The Sound of Salvation
Charlie lay in the grass, resting his head on his hands. The blades made the soles of his feet itch, but the night air felt good on his bare skin. The stars in the black sky winked above him, and he turned his head to see the full moon staring back at him, daring him to succumb to her power.
He closed his eyes and calmed his mind. Charlie then sent his psyche on what had once been a familiar and welcoming path, but, just like every time he'd attempted to find his wolf over the last ten years, only emptiness greeted him.
His chest ached and moisture he refused to call tears gathered at the corners of his eyes. He'd already spent too many hours crying, wanting to change something that would never be changed. He'd had ten years to get used to being human-you'd think he'd have stopped blubbering about it at this point. But he'd yet to learn how to get over losing half of his soul.
His wolf had been a part of him since birth, always there in the background giving him strength and vitality. At the age of twenty-six, Charlie could now admit that he'd been a little shit-disturber as a teenager, but he'd always revered the animal inside him and had felt honoured to have such a gift. That was, until it had been ripped from him. All because of the needle that had been plunged into his veins over and over-the needle of a syringe filled with chemicals that had altered his DNA and destroyed him.
Over the years, Charlie had heard it all from his psychiatrist. It wasn't his fault. He had to embrace the grieving process-grieve for his wolf, grieve for the upheaval of his life. Well-meaning family members tried to soothe him, saying 'Things will get better' and 'You'll get over it eventually'. But none of them got it. None of them understood.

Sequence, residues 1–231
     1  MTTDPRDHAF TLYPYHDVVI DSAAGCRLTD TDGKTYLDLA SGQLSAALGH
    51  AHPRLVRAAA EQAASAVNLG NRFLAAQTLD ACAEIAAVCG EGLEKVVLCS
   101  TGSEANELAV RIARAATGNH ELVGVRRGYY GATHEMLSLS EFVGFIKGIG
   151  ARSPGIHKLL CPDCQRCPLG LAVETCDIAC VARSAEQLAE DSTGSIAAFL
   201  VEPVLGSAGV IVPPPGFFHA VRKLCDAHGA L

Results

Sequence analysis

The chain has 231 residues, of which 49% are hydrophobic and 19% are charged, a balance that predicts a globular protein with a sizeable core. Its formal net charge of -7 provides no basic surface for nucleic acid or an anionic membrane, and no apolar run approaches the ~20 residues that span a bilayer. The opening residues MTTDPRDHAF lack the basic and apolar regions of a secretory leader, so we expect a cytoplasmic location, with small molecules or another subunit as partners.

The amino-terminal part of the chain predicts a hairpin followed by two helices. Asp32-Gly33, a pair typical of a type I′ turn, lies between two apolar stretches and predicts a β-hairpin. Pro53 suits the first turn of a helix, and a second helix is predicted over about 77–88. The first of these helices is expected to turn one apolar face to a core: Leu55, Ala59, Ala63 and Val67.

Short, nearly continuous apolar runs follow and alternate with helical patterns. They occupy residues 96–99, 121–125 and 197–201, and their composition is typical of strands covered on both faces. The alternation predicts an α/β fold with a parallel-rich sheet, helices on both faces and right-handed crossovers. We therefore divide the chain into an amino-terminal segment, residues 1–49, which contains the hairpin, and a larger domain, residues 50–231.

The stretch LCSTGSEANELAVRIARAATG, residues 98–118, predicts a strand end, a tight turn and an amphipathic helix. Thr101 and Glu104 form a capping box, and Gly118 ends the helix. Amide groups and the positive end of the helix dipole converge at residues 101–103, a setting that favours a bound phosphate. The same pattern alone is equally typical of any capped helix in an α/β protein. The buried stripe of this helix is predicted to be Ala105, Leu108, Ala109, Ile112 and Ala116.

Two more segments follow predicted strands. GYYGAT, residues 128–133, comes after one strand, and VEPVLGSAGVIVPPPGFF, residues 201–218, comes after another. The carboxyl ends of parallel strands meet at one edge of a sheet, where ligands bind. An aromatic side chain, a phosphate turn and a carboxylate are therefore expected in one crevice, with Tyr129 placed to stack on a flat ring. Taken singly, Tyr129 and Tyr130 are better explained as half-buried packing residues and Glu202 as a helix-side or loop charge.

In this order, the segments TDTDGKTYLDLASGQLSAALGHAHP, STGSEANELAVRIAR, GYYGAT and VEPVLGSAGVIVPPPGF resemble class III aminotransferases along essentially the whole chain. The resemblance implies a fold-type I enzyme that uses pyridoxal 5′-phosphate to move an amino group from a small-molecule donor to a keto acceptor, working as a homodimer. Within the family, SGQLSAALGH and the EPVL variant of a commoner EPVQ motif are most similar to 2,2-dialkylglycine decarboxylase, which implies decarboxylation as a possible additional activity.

Ever since his kidnapping and torture at the hands of that psycho, Adam Broyles, he'd felt as though he were a shadow of his former self.
It most certainly didn't help that the drugs had also caused a shift in the chemical balance of his brain, resulting in him to being diagnosed as schizophrenic. There were days when he'd walk around his house searching for something, but could never remember what it was. His emotions swung violently from anger to apathy without provocation. But what really scared him was when he would find himself in town or out in the woods without recalling how he had got there or how long ago he'd left the sanctuary of his little home.
The sound of a howl came from the tree line across the meadow. Charlie didn't recognise the voice, but it sounded a little mournful. Somebody from the pack was having a bad night. He wouldn't disturb them, and he hoped whoever it was would stay on their side of the clearing. Maybe he should leave? He really didn't feel like running into a member of the pack-those situations were always awkward.
He had nothing in common with them anymore.
He sat up, looking towards the trees. He inhaled, but only the scents of nature in his immediate area were detectible. With his wolf gone he'd lost the ability to identify personal scents. It was one of the things he missed most. The calming scent of his dad, when he'd tuck Charlie in at night as a child. The nurturing scent of his mom, when he'd give her a big hug after coming home to find his favourite treat ready after school. Even his brother Jaryn's scent, which signified safety and protection to Charlie.
Another howl went up and Charlie wished he knew who it belonged to. Part of him itched with the need to offer comfort, but that would mean slipping back into the character he portrayed to the public that good old Charlie was back to normal, and frankly he was too damned tired to deal with that.